While I've been here, most of my clobber has been in storage so I haven't really been able to partake in Formal Friday as much as I'd have liked. Though happily, others have & the girls are pulling their weight also!

For a couple of weeks, the lovely Joanne Evans has been turned out fabulously!

Ruby Adams wonderfully elegant Fancy Friday

The very Vintage chic Jen.

The luscious Lisa Northover!

The wonderful Vintage Per Sempre owner, Leah Austen Rose.

Beautiful boutique What Alice Found owner Nick Grainger

Oh so chic Emily Fisher

And for the chaps, Deco owner Stuart Alexander.

Lord Jason The Barber Bailey

Luke Griffiths-Williams

And the Missus & I.

We can be found on Facebook under the group Formal Friday In Britain, the more the merrier so feel free to post your pics on that page if you decide to join the cause, rebelling against Dress Down Friday & going Formal instead. Hope to see you there!

Until I'm settled in to a nice new swanky pad, tada!

Monday, 2 May 2011

One's Albion In The Making . . . . .

What with the weather being balmy, the hottest of all Aprils in the last 350 years apparently, everything around me has almost never seemed so grey. A full week of peering out into a stark reality whilst not wanting at all to peer inside & begin to ask where a bout of  "Dreaded Dandy's Debauchery" came from? Not much was elegant, pretty much all, in truth was tragic.

In the last day or so, it is reflections on a couple of quotes from a certain Mr Horsley that the thought of getting up & dressed is once again inspiring me as it should, to go out into the world & start becoming the man I believe I was meant to be.

"Being well-dressed gives a feeling of inward tranquility which psychoanalysis is powerless to bestow."

Thank God for Sebastian.  

When what you wear directly influences how you feel, how you present yourself to the world & in all honesty, how the world perceives you. For it is a fact that it is only the shallow people who DO NOT judge by first impressions and appearances. So I return to colour of cloth to brighten up my visions of Grey.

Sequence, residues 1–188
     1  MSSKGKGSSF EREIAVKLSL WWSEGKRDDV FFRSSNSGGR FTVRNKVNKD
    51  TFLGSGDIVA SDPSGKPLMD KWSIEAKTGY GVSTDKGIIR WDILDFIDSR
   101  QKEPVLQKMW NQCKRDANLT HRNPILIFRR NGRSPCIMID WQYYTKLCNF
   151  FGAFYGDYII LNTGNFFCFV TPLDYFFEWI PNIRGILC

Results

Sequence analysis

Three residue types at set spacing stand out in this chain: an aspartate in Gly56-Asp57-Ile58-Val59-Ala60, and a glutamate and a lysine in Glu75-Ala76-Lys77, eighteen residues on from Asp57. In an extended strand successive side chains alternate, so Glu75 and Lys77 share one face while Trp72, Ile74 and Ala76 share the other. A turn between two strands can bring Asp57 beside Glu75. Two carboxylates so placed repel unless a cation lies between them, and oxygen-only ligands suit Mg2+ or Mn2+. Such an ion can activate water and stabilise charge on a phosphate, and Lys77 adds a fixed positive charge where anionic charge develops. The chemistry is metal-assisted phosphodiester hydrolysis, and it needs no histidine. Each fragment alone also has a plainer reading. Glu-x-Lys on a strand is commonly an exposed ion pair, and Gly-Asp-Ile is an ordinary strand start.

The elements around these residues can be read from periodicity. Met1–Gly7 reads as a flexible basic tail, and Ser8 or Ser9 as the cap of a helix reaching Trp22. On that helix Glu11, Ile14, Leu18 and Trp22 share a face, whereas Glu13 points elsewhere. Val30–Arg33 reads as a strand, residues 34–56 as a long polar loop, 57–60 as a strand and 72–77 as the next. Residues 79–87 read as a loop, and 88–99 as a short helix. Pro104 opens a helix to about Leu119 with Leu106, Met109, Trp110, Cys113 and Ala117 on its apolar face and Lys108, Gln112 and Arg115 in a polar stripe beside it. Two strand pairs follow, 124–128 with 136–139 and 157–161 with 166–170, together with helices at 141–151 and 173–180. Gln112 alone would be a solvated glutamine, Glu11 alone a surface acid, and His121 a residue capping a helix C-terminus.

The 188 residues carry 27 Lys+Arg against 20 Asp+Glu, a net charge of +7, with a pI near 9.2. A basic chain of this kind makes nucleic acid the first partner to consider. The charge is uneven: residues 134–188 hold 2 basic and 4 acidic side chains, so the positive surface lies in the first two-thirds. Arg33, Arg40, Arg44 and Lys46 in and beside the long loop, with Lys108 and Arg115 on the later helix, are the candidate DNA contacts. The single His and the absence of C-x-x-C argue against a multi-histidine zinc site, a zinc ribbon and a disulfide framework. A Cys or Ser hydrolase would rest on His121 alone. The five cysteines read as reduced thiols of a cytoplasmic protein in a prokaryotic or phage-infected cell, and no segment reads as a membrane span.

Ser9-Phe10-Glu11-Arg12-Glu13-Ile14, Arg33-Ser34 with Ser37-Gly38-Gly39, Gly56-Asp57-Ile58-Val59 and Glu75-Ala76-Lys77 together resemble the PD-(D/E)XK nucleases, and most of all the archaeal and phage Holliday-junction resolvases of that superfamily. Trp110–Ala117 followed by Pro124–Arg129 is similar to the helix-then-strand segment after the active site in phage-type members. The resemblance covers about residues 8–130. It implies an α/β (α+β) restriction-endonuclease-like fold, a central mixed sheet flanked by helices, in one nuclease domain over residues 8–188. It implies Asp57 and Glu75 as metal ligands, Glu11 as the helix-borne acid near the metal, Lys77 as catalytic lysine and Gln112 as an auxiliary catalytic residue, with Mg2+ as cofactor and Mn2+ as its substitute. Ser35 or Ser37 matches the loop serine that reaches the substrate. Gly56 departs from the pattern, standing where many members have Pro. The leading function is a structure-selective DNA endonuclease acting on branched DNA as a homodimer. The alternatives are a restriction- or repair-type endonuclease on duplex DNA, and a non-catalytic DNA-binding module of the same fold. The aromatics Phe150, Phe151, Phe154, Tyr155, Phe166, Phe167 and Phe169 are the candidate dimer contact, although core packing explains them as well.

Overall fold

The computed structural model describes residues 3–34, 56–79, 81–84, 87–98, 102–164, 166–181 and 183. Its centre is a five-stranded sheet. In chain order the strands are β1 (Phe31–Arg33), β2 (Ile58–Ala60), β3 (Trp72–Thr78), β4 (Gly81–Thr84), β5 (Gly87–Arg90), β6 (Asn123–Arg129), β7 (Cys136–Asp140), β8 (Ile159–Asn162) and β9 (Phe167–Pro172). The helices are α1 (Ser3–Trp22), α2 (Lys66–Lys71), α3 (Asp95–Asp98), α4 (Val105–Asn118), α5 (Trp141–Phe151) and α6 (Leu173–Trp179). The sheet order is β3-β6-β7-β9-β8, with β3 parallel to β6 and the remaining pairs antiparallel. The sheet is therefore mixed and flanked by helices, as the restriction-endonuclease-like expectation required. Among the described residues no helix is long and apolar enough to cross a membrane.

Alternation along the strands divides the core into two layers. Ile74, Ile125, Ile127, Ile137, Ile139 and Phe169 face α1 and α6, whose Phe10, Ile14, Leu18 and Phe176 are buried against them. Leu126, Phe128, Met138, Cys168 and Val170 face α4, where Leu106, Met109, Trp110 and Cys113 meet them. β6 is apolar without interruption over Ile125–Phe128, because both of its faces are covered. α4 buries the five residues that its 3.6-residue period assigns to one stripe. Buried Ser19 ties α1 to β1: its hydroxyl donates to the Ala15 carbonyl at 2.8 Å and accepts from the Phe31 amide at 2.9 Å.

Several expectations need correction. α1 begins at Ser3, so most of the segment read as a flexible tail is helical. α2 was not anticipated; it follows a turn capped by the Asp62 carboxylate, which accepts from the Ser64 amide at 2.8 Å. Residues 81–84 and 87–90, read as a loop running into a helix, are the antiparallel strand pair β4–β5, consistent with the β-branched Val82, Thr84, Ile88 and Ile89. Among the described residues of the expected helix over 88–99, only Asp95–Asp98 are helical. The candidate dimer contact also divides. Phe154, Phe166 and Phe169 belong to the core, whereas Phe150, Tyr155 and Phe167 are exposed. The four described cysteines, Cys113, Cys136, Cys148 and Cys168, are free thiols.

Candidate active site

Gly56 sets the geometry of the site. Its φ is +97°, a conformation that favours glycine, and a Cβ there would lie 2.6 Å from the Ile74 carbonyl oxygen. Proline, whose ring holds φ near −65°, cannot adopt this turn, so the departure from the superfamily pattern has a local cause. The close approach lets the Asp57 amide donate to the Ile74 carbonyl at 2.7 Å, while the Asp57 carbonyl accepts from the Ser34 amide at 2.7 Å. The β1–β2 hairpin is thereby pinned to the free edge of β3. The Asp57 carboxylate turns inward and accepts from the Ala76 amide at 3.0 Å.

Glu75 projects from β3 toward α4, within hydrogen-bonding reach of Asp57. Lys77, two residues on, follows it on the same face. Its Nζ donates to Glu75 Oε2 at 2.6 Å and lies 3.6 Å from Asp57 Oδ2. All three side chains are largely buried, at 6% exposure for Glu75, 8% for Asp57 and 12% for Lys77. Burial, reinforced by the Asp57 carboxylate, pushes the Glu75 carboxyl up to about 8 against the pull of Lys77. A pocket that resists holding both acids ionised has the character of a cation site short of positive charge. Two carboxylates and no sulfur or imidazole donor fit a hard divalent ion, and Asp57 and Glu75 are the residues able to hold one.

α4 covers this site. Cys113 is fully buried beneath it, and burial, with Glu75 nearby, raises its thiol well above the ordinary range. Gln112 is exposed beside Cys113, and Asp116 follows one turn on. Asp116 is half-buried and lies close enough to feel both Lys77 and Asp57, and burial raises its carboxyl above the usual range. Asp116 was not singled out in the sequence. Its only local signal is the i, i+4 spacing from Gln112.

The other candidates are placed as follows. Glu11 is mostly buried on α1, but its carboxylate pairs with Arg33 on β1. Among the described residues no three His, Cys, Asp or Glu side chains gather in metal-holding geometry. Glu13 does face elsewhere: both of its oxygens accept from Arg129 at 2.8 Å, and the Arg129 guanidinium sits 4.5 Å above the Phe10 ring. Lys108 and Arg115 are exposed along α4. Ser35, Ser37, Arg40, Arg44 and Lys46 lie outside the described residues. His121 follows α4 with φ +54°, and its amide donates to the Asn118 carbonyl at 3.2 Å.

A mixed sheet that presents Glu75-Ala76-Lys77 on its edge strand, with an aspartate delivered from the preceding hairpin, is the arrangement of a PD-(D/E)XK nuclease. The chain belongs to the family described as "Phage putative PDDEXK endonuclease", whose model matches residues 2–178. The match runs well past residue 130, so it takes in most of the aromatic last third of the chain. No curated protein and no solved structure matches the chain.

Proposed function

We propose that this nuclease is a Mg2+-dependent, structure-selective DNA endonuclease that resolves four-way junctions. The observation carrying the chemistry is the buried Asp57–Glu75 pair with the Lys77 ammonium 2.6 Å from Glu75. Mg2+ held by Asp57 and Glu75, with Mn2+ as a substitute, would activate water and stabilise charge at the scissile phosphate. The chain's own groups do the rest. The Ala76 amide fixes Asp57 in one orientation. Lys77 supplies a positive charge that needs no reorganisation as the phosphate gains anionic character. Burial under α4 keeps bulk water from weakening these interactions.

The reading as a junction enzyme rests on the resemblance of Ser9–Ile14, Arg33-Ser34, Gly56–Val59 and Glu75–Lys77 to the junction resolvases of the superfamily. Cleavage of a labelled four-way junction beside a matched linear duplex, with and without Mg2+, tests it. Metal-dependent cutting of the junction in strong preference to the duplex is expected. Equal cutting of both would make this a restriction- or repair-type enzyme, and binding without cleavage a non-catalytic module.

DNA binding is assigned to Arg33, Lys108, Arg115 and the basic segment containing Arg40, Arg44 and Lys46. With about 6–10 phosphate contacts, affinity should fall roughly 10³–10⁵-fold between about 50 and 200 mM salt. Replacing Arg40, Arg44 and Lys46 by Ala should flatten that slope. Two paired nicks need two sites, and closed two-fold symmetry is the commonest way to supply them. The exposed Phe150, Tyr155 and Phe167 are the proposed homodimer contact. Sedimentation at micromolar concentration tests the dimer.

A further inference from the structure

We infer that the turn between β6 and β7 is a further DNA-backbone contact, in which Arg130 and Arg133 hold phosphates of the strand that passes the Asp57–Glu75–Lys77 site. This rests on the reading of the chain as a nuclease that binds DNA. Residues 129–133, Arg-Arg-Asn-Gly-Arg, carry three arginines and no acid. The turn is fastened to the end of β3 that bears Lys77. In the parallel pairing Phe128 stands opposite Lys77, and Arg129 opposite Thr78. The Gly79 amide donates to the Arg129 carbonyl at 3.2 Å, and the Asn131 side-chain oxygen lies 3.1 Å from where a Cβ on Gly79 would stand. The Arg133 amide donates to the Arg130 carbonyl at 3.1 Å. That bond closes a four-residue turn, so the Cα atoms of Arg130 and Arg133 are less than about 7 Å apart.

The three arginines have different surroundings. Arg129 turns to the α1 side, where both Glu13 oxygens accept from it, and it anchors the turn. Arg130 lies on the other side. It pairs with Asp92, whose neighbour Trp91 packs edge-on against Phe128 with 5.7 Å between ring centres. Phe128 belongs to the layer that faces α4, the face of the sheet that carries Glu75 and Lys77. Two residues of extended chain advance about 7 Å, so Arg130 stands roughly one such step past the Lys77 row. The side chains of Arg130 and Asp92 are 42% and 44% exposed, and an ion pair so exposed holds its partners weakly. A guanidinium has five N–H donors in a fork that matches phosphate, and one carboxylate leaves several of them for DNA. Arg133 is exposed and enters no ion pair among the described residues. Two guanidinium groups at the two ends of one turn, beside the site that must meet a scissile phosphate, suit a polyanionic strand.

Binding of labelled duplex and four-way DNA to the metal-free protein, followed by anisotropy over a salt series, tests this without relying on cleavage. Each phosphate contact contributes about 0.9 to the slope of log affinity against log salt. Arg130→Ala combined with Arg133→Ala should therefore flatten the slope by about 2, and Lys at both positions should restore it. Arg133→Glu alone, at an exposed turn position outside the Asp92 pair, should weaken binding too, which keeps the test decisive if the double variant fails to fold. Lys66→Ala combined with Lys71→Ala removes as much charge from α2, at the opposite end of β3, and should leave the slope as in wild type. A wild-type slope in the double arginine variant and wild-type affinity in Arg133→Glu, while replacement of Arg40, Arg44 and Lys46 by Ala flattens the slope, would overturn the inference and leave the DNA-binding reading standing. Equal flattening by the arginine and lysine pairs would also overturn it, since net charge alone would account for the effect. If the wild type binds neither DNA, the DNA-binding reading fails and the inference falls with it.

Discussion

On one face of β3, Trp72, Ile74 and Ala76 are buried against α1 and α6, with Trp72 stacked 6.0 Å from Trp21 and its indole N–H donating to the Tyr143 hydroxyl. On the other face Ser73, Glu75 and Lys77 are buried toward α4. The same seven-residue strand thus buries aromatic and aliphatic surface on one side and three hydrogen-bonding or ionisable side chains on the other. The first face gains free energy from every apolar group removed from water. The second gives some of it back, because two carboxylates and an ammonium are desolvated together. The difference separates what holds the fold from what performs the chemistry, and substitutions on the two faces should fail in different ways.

Not many folks do this as well Le Sapeurs. A group of Gentleman from the Brazzaville region of the Congo.

“Le Sap is our essence,” explains sapeur Willy Cavory a leading practitioner of , Le Sape – The Société des Ambianceurs et des Personnes Élégantes (The society for people of elegance and ambiance)- otherwise referred as the ‘religion of clothing.’

“ It is our way of life and not just the dressing,” he continues. “ It is how we express our individuality and our character. Along with our families, Le Sap, is our reason for being. “

That in itself is quite some statement, "it is our reason for being".

So much of their way of life is inspirational, coming from the most poverished & humble of backgrounds, there dress is in complete contrast to this and really is the finest celebration of life.

The movement was sparked by Congolese musician Papa Wemba, in the 1960′s and 1970′s, who had been inspired by European clothing and products that were eventually banned after Zaire’s independence. Due to political issues, his exquisite taste and “promotion of high standards of personal cleanliness, hygiene and smart dress, to a whole generation of youth across Zaire, essentially kept him an a controversial spotlight. These proud African men come in peace and are the epitome of a fashionable laissez faire, standing firm by their motto “Let’s drop the weapons, let us work and dress elegantly.”

The Sapeurs belong to Le SAPE which stands for the Société des Ambianceurs et Personnes Élégants. "Members have their own code of honour, codes of professional conduct and strict notions of morality. It is a world within a world within a city.  Respected and admired in their communities, todays sapeurs see themselves as artists. Each one has his own repertoire of gestures that distinguishes him from the others. They are also after their own great dream: to travel to Paris and to return to Bacongo as lords of elegance.

Photographer Daniele Tamagni's new book Gentlemen of Bacongo captures the fascinating subculture.

A few of their axioms:
  1. A Congolese Sapeur is a happy man even if he does not eat, because wearing proper clothes feeds the soul and gives pleasure to the body.
  2. A real Sapeur needs to be cultivated and speak fluently, but also have a solid moral ethic: that means beyond the appearance and vanity of smart, expensive clothing there is the moral nobility of the individual.
  3. When the Sapeur expresses himself through the harmony of his clothes, he is returning his admiration to God.
  4. A Sapeur does not shed blood. Your clothes do all the fighting for you, otherwise you are not fit to be called a Sapeur.
They all sound fine by me! The one chap below, I found an image of months ago, had cut out & fixed to his own board so standing next to a cigarette box, holds his posture with as much elegance as any man I've ever come across along with a self assured knowledge that his "reason for being" is unashamedly being fulfilled.

It is with hope that I may once again steer myself  toward  my own Albion, in a manner that could go unnoticed, though still adhere to  personal ideals that will clear the wreckage of my past, making amends & in as gracious manner as possible.